India won that Test against the Tony Greig-led England and debutant Yajurvindra emerged with his reputation enhanced. He took seven catches, five in the first innings, to make his presence felt at backward short leg. His work added teeth to the Indian bowling where BS Chandrasekhar, Bedi and Prasanna formed the nucleus of an attack that had just one seamer, Karsan Ghavri.
His five catches in an innings equalled the feat of Vic Richardson against South Africa at Durban in 1935-36. The two he took in the second put him on the same pedestal as Greg Chappell, grandson of Richardson. Chappell had taken seven for the match against England at Perth in 1975-75. “I was a specialist at the position. (Eknath) Solkar had retired and I got the opportunity.”
Of the seven, Yajurvindra took four off Chandrasekhar’s bowling. No mean feat that for edges flew sharply off Chandrasekhar’s ball and one had to be “very agile” to pick the path of the chance. Two catches came off Prasanna and one off his childhood friend (from Rajkot) Karsan Ghavri.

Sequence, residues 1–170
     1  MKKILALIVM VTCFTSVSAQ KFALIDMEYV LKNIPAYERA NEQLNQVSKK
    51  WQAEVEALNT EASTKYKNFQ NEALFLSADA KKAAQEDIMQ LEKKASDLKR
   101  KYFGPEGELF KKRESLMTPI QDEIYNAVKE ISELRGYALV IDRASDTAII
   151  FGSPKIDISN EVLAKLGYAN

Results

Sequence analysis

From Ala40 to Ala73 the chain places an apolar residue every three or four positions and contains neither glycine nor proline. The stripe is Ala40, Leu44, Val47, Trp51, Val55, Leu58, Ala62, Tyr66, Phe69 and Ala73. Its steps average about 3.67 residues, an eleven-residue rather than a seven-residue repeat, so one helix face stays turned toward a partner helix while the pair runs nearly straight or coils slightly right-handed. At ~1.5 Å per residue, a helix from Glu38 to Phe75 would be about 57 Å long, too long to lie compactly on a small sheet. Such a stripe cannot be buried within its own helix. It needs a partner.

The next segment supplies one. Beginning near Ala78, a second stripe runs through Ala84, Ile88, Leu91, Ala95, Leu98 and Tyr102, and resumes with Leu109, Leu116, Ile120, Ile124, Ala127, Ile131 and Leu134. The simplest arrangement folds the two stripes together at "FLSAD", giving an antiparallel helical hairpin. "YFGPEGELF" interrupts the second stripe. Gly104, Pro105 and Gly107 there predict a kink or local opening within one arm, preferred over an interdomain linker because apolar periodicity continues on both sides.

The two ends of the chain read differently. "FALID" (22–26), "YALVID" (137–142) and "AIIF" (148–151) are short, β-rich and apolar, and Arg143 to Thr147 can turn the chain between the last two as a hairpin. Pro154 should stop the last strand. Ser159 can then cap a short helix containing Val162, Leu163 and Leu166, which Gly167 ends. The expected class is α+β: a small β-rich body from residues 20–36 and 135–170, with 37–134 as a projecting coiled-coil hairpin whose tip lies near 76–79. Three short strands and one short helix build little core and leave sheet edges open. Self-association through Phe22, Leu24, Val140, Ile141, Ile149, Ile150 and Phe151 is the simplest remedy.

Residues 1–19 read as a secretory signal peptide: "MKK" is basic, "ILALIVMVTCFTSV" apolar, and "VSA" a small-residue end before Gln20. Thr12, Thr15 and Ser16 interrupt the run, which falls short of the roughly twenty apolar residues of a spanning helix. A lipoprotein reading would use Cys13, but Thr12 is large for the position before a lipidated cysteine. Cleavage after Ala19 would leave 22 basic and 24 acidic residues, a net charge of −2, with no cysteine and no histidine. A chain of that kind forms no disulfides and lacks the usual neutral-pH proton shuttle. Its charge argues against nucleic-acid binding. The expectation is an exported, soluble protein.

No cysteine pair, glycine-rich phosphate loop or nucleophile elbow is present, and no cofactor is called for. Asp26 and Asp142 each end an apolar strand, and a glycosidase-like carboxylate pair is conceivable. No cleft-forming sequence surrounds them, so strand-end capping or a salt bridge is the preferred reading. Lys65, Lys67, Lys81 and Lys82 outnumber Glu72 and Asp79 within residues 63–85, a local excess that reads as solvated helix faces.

Said Ghavri, “We played against each during school and then together. He was a utility cricketer, capable of scoring runs, giving breakthroughs with his pace and off-spin and picking catches from nowhere. He was a superb close-in fielder at silly point, forward short leg and backward short leg. He had hands safe as a bank and lightning reflexes. He certainly deserved to play more for India.”
He deserved. No doubt. The catches at Bangalore are vivid in his memory. Dennis Amiss (bat-pad), Keith Fletcher, Derek Randall (diving one-handed), Greig (simpler) and Derek Underwood (sharp edge) in the first innings; Amiss and Fletcher in the second innings completed the list. The Amiss catch in the first innings was the toughest. The ball was falling short and he took three steps and got his fingers to it. It was an inner-edge. “I used to stand close and reduce the angle so that I could reach for more catches. You have to have great reflexes to do it because the ball is not dipping when you are catching it,” Yajurvindra says.